It may be more than a year away, but the 2016 race for Indiana governor is already shaping up to be an interesting contest.
Since the end of the General Assembly‘s annual legislative session just a few weeks ago, a number of candidates have declared their intentions to run. A number of veteran politicians are ramping up campaigns on both sides of the aisle.
What could the race mean for Hoosier education? Let’s take a look at the track records of those who have signed up for the big race.
“Gov. Mike Pence is a conservative leader and dedicated public servant who always puts Indiana first,” Cardwell said in a statement. “He followed through on his promise to put education first this legislative session by making an historic investment in our children, teachers and schools.”
As an incumbent, Pence will be able to note a number of moves that most would agree have proven beneficial for the state, including the establishment of On My Way Pre-K, Indiana’s first state-funded preschool pilot program, and an increased focus on career and technical education. He has also been vocal on the issues of school choice and charter schools.
But, the governor will also need to defend many education-related decisions that have split voters. And he’s been a key player in the saga that is the State Board of Education, creating and later disbanding what some would call a shadow agency to the state Department of Education, the Center for Education and Career Innovation.
Earlier in the year, many had suspected Pence might make a go at the Republican bid for the presidential nomination. Now, the governor has 18 months left on the job to make his case to voters why they should extend his presence at the helm of the Hoosier state. Indiana Public Broadcasting’s Brandon Smith reports that history is on Pence’s side – it’s been 40 years since an incumbent Indiana governor wasn’t elected two consecutive terms.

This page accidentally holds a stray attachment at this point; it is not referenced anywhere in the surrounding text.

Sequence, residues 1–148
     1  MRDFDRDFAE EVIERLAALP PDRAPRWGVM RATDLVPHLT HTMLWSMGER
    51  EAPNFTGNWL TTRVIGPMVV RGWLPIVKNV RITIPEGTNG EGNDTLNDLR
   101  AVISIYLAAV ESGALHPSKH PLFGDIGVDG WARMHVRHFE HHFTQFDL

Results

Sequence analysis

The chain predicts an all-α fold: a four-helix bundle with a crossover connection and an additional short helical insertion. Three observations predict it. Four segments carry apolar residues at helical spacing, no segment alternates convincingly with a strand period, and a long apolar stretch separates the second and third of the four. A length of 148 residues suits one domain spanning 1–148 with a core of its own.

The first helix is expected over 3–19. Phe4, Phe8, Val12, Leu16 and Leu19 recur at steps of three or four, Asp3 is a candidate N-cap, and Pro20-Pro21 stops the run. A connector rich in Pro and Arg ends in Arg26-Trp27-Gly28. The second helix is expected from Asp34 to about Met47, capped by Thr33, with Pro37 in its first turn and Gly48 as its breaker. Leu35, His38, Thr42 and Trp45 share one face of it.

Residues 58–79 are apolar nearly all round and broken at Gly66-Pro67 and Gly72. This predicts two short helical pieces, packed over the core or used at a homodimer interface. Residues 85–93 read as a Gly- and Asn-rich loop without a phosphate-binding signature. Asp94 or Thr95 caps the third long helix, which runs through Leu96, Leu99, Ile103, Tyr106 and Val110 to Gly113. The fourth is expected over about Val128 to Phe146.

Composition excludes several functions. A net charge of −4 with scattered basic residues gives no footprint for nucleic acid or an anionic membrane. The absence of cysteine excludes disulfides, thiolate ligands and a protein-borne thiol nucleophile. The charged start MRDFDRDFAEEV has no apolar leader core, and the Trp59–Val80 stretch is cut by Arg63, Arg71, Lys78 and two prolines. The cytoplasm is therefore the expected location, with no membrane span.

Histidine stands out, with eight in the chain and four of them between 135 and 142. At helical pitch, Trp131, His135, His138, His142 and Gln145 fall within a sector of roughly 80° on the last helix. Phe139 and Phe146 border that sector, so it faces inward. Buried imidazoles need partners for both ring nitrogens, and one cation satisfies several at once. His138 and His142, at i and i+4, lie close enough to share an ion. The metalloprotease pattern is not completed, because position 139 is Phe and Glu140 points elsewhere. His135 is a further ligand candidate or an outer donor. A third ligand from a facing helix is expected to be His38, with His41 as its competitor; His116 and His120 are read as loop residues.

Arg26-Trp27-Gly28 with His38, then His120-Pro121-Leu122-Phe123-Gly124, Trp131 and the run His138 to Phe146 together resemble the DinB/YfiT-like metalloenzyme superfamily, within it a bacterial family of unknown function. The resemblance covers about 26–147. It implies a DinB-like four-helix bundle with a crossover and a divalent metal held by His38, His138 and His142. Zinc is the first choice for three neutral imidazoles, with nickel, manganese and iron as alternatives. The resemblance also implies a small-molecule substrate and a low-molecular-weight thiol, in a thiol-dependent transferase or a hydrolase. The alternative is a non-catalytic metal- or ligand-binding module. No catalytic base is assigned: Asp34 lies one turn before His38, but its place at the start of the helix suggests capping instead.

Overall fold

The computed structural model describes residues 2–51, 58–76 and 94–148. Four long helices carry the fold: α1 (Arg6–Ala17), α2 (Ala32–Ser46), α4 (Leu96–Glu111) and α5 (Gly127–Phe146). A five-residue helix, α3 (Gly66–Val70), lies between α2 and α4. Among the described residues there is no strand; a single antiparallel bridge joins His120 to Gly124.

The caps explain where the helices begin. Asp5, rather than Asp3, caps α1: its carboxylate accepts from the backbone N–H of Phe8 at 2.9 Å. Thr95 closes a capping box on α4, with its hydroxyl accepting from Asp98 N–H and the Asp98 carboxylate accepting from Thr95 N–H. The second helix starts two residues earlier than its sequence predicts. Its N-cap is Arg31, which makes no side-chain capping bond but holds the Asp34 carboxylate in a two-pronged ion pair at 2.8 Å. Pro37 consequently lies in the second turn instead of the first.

If Gregg’s name looks familiar, that’s because it appeared on the ticket in 2012. The Democrat and former Indiana House Speaker announced his second run just a day after the conclusion of the “education session,” focusing on his desire to better the state’s economy for the future of Hoosier students.
“Especially as the president of Vincennes University, I understood how important Indiana’s reputation was in attracting good jobs to our state, so our graduates could stay here at home,” Gregg said in a video announcement.
Back in 2012, Gregg called for increased access to early education for middle-income families, proposing a preschool pilot similar to the one that began in five Indiana counties earlier this year. He was also vocal about the need to raise the high school graduation rate and make college more affordable. Whether these remain the focal points of his education agenda remains to be seen as the campaign continues.
The three-term Democratic senator from Portage says she wants to “speak for the progressive point of view” as the next governor of Indiana. As a member of the state senate, Tallian has served on key committees including Appropriations, of which she is the ranking minority member as well as a player on the School Funding Subcommittee.
As part of that group, Tallian spoke often on the key issue of education funding and the school funding formula this past session. She also introduced a measure that ultimately made it into the final, approved version of the two-year state budget that will count kindergarten students as full-time students for funding purposes.
Other items of legislation the Senator supported in the “education session” included Senate Bill 566, a measure to prohibit the State Board of Education from adopting any nationally-constructed standardized assessment, and Senate Bill 184, an item to limit the number of choice scholarships awarded per year to 20,000.
In her position, Ritz has a hand in all things education – and much has changed during her time in office. She’s heading the Department of Education during the transition to a new set of academic standards, a continuing rollout of new statewide tests, and a new A-F school grading system.
She is perhaps also known for the number of scuffles she and her department have had with the current governor and fellow State Board of Education members over education governance issues in Indiana.
When Ritz ran for superintendent in 2012, she called her campaign a “referendum” on the previous four years under her predecessor, Tony Bennett. She garnered a ton of support from public education advocates, winning 52 percent of the statewide vote in that race.
Prior to being elected into office, Ritz served as a school librarian for a number of years.